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N2 - The present study examined the role of L-/T-type Ca channels and the interaction between these channels and protein kinase C (PKC) in hypertension. The isolated perfused hydronephrotic rat kidney model was used to visualize directly the renal microvascular effects of L-/T-type Ca channel blockers (nifedipine and mibefradil, respectively). Nifedipine reversed the angiotensin II-induced constriction of afferent, but not efferent, arterioles in kidneys from Wistar-Kyoto rats (WKY), and similar magnitude in dilation was observed in spontaneously hypertensive rats (SHR). Although mibefradil elicited dilation of both arterioles, the afferent arteriolar dilation was less in SHR than in WKY (57 ±5% vs. 80 ± 4% reversal at 1 μmol/L). The pretreatment with staurosporine did not alter the angiotensin II-induced afferent arteriolar constriction in WKY, but attenuated this response in SHR. Furthermore, staurosporine enhanced the nifedipine-induced afferent arteriolar dilation (62 ± 3% vs. 50 ± 3% reversal at 10 nmol/L), and restored the attenuated afferent arteriolar response to mibefradil in SHR. The pretreatment with thapsigargin (a blocker of IP3-mediated intracellular calcium release) prevented the angiotensin II-induced afferent arteriolar constriction in WKY, but caused a significant constriction of afferent arterioles in SHR and efferent arterioles in WKY and SHR; in this setting, mibefradil did not alter efferent arteriolar tone. In conclusion, although both L-type (nifedipine) and T-type Ca channel blockers (mibefradil) exerted potent vasodilation of rat renal microvessels, these actions were modified by PKC, which determined the afferent arteriolar sensitivity to these blockers in SHR. Furthermore, the enhancement in nifedipine-induced afferent arteriolar dilation by staurosporine in SHR suggests that L-type Ca channel activity is augmented in hypertensive animals.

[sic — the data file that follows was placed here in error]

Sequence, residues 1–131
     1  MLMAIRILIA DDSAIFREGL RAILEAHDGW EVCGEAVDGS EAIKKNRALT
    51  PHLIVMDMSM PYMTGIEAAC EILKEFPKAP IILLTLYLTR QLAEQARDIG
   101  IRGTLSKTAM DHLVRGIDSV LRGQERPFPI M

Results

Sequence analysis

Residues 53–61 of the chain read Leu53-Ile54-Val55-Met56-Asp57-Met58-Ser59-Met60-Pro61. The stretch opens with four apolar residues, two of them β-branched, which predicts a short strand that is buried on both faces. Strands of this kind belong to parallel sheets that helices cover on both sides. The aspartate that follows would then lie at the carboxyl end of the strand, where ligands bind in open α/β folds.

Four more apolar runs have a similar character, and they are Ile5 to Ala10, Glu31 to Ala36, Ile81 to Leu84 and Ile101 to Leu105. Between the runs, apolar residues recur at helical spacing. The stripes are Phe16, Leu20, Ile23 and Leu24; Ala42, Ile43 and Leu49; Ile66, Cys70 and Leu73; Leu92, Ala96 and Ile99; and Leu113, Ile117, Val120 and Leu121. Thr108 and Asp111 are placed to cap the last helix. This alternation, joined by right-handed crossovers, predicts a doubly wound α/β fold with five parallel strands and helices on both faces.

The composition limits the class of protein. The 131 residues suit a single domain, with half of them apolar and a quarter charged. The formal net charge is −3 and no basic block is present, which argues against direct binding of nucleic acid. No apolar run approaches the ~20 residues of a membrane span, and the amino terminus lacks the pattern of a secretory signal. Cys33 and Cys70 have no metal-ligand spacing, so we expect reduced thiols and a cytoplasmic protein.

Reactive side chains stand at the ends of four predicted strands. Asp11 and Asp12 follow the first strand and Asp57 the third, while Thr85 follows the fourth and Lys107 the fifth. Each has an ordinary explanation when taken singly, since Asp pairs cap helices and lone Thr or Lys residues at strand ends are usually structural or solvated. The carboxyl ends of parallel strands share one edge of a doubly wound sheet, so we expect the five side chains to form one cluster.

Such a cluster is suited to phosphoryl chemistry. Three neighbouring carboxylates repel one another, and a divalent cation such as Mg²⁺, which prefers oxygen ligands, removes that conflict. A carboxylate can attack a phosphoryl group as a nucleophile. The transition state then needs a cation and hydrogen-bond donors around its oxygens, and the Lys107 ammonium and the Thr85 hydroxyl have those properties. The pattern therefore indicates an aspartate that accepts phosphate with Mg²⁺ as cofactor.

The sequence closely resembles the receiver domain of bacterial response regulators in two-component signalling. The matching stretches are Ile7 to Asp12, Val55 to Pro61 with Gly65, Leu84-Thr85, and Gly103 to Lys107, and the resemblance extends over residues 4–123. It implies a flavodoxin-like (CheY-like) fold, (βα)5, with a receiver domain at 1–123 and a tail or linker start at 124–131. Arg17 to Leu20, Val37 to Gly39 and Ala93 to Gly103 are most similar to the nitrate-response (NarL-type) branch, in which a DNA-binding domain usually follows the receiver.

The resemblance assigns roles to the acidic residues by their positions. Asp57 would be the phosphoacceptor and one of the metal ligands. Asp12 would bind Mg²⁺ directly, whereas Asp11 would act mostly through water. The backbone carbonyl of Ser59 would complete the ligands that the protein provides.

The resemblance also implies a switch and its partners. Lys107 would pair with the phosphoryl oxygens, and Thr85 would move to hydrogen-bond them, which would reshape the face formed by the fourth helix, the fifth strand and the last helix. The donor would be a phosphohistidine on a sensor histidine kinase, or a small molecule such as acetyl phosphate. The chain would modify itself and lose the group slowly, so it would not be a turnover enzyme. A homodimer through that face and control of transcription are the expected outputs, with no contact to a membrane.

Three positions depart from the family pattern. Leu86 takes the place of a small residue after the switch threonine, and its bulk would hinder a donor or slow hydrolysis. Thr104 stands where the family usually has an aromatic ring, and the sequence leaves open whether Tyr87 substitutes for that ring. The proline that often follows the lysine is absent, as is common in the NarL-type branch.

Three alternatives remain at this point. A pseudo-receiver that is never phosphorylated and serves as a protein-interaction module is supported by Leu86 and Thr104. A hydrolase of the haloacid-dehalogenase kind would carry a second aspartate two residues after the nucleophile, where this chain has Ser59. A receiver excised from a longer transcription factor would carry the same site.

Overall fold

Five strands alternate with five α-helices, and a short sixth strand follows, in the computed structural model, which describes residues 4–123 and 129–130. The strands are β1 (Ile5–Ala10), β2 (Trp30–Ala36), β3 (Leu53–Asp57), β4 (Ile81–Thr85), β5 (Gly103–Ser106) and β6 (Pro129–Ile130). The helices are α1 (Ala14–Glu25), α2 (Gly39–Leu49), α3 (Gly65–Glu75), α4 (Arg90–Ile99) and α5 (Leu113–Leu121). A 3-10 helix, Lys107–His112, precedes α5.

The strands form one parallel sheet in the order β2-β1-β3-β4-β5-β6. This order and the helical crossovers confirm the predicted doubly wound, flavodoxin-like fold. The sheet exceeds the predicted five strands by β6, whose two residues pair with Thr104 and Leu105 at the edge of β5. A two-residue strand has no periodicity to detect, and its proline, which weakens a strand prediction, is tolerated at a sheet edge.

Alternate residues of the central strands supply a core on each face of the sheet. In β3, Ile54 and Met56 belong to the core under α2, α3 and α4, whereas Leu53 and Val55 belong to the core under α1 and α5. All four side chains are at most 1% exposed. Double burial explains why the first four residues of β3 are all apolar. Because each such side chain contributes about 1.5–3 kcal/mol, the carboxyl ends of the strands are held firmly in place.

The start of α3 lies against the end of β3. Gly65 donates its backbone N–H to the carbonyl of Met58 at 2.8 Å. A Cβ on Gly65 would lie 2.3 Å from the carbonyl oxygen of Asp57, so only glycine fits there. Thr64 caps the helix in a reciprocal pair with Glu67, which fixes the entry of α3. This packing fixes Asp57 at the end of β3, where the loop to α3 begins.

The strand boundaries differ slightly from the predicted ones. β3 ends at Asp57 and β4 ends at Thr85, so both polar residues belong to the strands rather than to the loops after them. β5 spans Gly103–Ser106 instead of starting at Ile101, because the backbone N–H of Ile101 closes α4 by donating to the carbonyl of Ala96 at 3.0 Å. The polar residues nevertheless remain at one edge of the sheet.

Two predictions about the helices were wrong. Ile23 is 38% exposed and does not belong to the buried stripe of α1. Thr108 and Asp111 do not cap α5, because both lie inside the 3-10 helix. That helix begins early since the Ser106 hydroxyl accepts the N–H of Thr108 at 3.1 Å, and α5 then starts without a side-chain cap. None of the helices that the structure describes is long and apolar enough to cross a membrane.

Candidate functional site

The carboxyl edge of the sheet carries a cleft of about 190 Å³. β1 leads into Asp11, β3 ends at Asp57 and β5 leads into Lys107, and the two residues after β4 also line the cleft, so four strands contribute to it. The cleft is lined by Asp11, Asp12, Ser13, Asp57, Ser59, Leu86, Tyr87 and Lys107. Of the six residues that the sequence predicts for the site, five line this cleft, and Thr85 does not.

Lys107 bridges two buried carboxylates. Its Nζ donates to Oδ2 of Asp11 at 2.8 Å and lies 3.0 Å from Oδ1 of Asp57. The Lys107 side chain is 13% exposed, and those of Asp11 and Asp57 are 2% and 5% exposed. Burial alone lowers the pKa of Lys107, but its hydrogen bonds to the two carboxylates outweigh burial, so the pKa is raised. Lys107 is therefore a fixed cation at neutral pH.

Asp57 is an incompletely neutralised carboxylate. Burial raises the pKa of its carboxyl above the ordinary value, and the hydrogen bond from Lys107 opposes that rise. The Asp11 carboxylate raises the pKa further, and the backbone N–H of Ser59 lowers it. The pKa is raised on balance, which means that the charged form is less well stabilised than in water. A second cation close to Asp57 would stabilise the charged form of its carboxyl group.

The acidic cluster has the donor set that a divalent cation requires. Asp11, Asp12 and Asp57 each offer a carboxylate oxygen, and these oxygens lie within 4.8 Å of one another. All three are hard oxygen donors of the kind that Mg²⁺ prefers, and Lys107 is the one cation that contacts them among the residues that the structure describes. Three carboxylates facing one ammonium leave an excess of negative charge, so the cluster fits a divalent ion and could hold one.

AB - The present study examined the role of L-/T-type Ca channels and the interaction between these channels and protein kinase C (PKC) in hypertension. The isolated perfused hydronephrotic rat kidney model was used to visualize directly the renal microvascular effects of L-/T-type Ca channel blockers (nifedipine and mibefradil, respectively). Nifedipine reversed the angiotensin II-induced constriction of afferent, but not efferent, arterioles in kidneys from Wistar-Kyoto rats (WKY), and similar magnitude in dilation was observed in spontaneously hypertensive rats (SHR). Although mibefradil elicited dilation of both arterioles, the afferent arteriolar dilation was less in SHR than in WKY (57 ±5% vs. 80 ± 4% reversal at 1 μmol/L). The pretreatment with staurosporine did not alter the angiotensin II-induced afferent arteriolar constriction in WKY, but attenuated this response in SHR. Furthermore, staurosporine enhanced the nifedipine-induced afferent arteriolar dilation (62 ± 3% vs. 50 ± 3% reversal at 10 nmol/L), and restored the attenuated afferent arteriolar response to mibefradil in SHR. The pretreatment with thapsigargin (a blocker of IP3-mediated intracellular calcium release) prevented the angiotensin II-induced afferent arteriolar constriction in WKY, but caused a significant constriction of afferent arterioles in SHR and efferent arterioles in WKY and SHR; in this setting, mibefradil did not alter efferent arteriolar tone. In conclusion, although both L-type (nifedipine) and T-type Ca channel blockers (mibefradil) exerted potent vasodilation of rat renal microvessels, these actions were modified by PKC, which determined the afferent arteriolar sensitivity to these blockers in SHR. Furthermore, the enhancement in nifedipine-induced afferent arteriolar dilation by staurosporine in SHR suggests that L-type Ca channel activity is augmented in hypertensive animals.